I'm not sure what's wrong with me these days.
Scratch that—I can come up with a long list of what's wrong with me. That's beside the point. What I really want to know is what the hell is wrong with my current work-in-progress. (And, yes, by inference, with me. Pointing that out was gratuitous.)
The problem is that I'm well into the novel now, and I still haven't discovered the throughline. Let me clarify (as much for myself as for you) exactly what I mean by that.
For me, 'story' is what your tale is about, the key to the conflict. 'Plot' is the details of how the story unfolds. And 'throughline' is the simplest continuous thread of the plot, the element that allows readers to remind themselves why we are going through all this song and dance. To take a classic example, in The Maltese Falcon, the story is about how a detective untangles and avenges his partner's murder. The plot is convoluted beyond easy synopsis. But the throughline is simple— What is the falcon, who has the falcon, why does everybody want the falcon...Where the hell is that damn bird?
Mysteries tend to have complex plots, but also tend to have simple throughlines, such as “Who killed Fred?” After having mulled this over for some time now, I'm willing to hazard a generalization: the more complex the plot and story, the simpler the throughline needs to be.
The throughline is a reminder to the reader about the nominal aim of the book, and it's probably just as vital a reminder to the writer. Without an apparent throughline, the book appears to be adrift. Certainly a writer can toss in scenes with no immediate apparent relevance, but the reader's mind is always looking one step ahead, trying to work out how the scene in the dog park in Omaha can possibly relate to the jewel thieves in Paris or the Jewish professor seeking tenure at the university in Istanbul. If the scene doesn't at some point relate back to the throughline, then no matter how well-crafted the scene, the reader is likely to resent its presence in the book.
I envision a throughline as being very much like a clothesline. If you have a strong, clearly articulated throughline, then you can drape all manner of material upon it, including material quite extraneous to the throughline.
The best example I can think of to demonstrate this point is the novel To Kill a Mockingbird. The throughline is: how will a principled lawyer defend an innocent man when a racist society opposes him? (Strong stuff. In its day, a brilliant throughline, though it's one that's been milked dry since).
But the novel really isn't about the throughline. The novel is a masterpiece because it's about so many things. It's a coming-of-age story, a portrait of a time and place, a discussion of class in America (and one that pointedly reaches beyond the issue of race alone), a meditation on what a parent owes family versus personal integrity...and more (including Boo Radley). All of this is draped on the throughline, but none of it is really necessary to the throughline. Kurt Vonnegut once described plot as a bribe paid to the reader to keep them reading. The throughline is a big down payment on that bribe.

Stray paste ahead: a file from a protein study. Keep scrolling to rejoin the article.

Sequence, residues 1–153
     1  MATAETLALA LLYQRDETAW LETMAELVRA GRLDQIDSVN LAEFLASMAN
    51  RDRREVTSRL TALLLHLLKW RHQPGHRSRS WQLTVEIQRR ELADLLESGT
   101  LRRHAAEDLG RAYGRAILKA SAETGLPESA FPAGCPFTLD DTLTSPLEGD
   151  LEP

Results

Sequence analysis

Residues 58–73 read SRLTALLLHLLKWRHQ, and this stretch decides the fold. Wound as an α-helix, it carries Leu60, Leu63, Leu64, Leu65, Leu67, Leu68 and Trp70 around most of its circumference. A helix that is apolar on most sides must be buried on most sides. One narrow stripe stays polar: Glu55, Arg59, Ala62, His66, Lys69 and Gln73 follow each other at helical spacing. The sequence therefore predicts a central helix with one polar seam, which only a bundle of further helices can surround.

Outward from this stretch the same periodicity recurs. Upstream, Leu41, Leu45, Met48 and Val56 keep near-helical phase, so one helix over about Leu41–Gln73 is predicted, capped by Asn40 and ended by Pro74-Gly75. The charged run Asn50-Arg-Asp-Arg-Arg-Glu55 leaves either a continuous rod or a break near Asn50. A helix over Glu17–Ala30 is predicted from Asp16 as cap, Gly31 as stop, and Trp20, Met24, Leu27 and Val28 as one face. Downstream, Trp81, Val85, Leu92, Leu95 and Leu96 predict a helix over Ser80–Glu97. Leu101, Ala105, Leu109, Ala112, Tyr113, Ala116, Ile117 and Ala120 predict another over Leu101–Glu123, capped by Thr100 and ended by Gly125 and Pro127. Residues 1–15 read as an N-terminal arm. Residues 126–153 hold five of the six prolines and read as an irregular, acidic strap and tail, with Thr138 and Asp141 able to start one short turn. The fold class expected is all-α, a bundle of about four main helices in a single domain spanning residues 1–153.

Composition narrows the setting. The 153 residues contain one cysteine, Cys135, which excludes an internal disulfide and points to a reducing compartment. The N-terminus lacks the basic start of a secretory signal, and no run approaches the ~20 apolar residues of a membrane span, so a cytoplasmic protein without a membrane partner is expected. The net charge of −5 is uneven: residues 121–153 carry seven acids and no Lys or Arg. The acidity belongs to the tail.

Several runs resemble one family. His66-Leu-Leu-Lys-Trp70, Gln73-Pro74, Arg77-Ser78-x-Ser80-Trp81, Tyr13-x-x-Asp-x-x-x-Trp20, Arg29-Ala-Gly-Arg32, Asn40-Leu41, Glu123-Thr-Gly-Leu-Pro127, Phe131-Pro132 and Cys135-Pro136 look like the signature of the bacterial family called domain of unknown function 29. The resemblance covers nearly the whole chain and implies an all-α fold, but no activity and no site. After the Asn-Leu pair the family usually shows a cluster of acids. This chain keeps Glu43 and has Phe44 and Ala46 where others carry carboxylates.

A throughline need not be dazzling or original. But the more baroque and complex the story elements (i.e. the real reason you want to bother to write the story), the simpler and more arresting the throughline needs to be. For example, Ann Patchett's Bel Canto has a throughline of “how will opera diva and foreign dignitaries cope as hostages of revolutionaries?” but the novel itself is so rich in language, craft, and gloriously fluid POVs, that it's clear the throughline is just an excuse for perpetrating a beautiful novel.
(If 'throughline' sounds a lot like 'premise,' it's because they are very similar. But a premise is more of a point of departure or a convenient sales handle, while a throughline needs to available all through the story as a compass for the reader. Or so I claim, and because the jargon of writing has never had a proper glossary, I'm free to use these words however I like.)
There was a time—roughly from Fielding through the early 20th century—where the only excuse needed for a novel was the name of the protagonist: Here's a sequence of events happened to Fred, and the only unifying factor, the only thoughline, in many cases, was the presence of Fred. Nowadays, such an unremarkable thread is likely to be dismissed as either 'rudderless,' or, at best, 'episodic.' (I happen to enjoy episodic and picaresque novels and movies, but when you hear those words applied to your writing in our era, they are usually rendered as condemnation, not simple description.)
Now, I can come up with throughlines. It's just that most of them bore me. It's astonishing how many thrillers are still written where the throughline is that there's a plot afoot to--gasp!--kill the President. Yawn. Oh, no--there's a terrorist plot to blow up the Pentagon! Sigh. I'm not saying that a good writer can't take one of these endlessly redone premises and crank out a fine story. I'm just saying that I can't get interested enough to write one of those myself.